Friday, December 03, 2010
It adds up!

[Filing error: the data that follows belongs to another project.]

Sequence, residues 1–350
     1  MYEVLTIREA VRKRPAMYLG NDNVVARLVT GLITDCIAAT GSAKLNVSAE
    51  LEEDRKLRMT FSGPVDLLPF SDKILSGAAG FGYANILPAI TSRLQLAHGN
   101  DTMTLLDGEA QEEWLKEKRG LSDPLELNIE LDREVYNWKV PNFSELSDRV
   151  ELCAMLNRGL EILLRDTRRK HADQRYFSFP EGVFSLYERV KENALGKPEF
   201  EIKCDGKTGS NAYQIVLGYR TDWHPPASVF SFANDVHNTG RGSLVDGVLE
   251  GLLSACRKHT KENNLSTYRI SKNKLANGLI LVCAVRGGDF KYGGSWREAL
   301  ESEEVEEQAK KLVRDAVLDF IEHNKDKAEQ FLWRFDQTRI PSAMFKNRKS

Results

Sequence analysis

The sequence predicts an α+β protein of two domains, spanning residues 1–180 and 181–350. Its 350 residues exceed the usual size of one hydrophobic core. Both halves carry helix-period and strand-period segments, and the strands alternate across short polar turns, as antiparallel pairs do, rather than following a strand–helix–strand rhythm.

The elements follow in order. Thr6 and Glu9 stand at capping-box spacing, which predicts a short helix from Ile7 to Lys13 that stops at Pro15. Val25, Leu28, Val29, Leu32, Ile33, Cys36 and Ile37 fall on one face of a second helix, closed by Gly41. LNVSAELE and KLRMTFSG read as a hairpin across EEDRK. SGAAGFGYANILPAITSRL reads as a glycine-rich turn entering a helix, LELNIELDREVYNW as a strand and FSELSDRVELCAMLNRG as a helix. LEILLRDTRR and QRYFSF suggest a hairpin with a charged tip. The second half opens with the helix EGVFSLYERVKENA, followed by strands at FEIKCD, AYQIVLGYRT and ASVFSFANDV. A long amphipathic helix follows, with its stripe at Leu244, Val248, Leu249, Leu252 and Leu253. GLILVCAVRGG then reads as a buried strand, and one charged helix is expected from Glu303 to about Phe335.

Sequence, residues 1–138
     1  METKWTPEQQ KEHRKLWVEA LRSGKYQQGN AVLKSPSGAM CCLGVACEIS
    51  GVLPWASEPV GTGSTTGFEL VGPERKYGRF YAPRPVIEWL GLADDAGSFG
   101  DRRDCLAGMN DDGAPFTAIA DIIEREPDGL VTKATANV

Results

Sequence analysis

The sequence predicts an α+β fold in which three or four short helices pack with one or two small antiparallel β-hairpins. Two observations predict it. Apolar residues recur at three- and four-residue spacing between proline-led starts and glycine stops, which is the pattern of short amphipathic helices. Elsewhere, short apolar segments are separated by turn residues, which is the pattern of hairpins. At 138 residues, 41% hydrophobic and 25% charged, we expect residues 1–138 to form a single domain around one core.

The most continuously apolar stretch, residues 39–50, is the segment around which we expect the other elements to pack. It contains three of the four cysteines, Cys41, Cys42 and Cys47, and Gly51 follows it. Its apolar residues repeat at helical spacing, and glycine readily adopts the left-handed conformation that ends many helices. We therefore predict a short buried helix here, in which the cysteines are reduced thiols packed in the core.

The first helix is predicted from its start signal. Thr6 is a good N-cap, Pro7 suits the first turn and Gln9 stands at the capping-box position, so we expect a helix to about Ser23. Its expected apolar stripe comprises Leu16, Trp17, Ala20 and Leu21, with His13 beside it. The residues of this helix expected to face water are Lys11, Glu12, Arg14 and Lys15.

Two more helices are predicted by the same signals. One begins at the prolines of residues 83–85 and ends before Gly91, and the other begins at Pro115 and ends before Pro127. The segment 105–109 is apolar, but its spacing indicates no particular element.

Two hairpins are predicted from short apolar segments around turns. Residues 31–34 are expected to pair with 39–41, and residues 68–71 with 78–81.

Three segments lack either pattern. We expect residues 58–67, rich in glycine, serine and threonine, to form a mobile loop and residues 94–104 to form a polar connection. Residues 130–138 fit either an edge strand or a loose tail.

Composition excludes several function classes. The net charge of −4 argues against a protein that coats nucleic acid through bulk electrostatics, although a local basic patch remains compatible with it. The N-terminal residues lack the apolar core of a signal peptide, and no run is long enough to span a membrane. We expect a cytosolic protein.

Went today with my mathematician friend J to see some of the oldest mathematical artifacts around, in a sweet little exhibition at our friend the Institute for the Study of the Ancient World called "Before Pythagoras: The Culture of Old Babylonian Mathematics." In display were cuneiform clay tablets from 4000 year old tablets, including two J knew from math history and ethnomathematics text books. The famous Plimpton 322 (above), which scoops the Pythagoren theorem, and YBC 2789 (below), which has a remarkably close approximation to the square root of 2... The real pleasure, though, came as we slowly learned how to make out a few of the numbers (conveniently the right column above goes 1-15) and so to actually see what was going on. The next challenge, though, is that the Babylonian numbering system (which I learned about in J's ethnomathematics class) is sexagesimal - it's base 60! We felt like little Champollions making deciphering and then confirming that 1, 24, 51, 10 is in fact the number inscribed along the central diagonal above - and that 1 + 24/60 + 51/3600 + 10/216000 indeed adds up to something very close to the root of 2 - 1.4161713! (We confirmed this on our own palm-shaped calculation device, J's iPhone.) How did they figure it out?!Great fun - and it was just the start of an afternoon of cultural stimulation, which continued with the John Baldessari show at the Met, and then, after J had to head home to New Jersey, two more Met shows for me, both splendid, The World of Khubilai Khan and Jan Gossart. I haven't energy to tell you about them, but here are two piece from each, picked more or less at random: "California Map Project" (1969), "The Spectator is Compelled..." (1966-68); model of a stage (1210), near life-sized wooden arhat (14th c.); "Deposition from the Cross" (1525), "Portrait of a Man (Jan Jacobsz. Snoek?)" (c. 1530). An amazing feast.